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On a morning in late November 2021, I went on my eleventh bike ride on my quest to travel 350 miles of the S. F. Bay Trail – those miles completed so far of the total of 500 miles planned, this time continuing north on the east side of the Bay, following Map 12.
As I was about to leave to begin this ride, my Mom called. She remembered I planned to ride in the Emeryville/Berkeley area and wanted to warn me that a strong wind had come up that morning. Those strong winds impacted the Berkeley area often, the kind that whoosh under the Golden Gate Bridge, across the Bay waters, up Rose Street past my Mom’s house and into the Berkeley hills, scaring the neighbors by bending 30-foot palm trees lower than any tree should be allowed to lean.
But I was already loaded up and ready to go. I decided to chance it.
I unloaded my bike in a small parking area next to Powell Street on the south edge of Emeryville Marina Park. The park is a narrow peninsula that points north on the west edge of the Emeryville City Marina. This area is home to fancy restaurants, apartment buildings and sailboats. I encountered light wind as I approached Emery Cove Marina, but not too strong so far.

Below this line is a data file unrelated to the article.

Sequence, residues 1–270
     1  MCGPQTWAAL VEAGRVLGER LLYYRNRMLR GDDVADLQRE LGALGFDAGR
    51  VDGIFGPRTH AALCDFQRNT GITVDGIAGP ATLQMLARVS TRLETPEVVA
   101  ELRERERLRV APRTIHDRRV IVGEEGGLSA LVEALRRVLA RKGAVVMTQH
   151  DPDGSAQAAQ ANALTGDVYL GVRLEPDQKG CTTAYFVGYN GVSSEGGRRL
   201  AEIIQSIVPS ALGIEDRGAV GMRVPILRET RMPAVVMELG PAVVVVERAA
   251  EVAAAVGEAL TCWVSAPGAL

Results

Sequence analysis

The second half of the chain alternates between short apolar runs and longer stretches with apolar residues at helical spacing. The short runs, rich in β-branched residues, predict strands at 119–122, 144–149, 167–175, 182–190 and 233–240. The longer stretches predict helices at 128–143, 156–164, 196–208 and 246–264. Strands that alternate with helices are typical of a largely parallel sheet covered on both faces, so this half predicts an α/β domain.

On the north side of the peninsula I passed an expanse of green. From here one can see the University of California Berkeley’s white 307-foot Sather Tower, known to locals as the Campanile, in the East Bay hills. It is the third-largest bell-clock tower in the world and has a 10,500 pound “Great Bear Bell” which tolls every hour. When I was growing up, the tower’s bells would play simple tunes at noon that could be heard for miles. They probably still do. The Campanile once played a piece my step-father composed.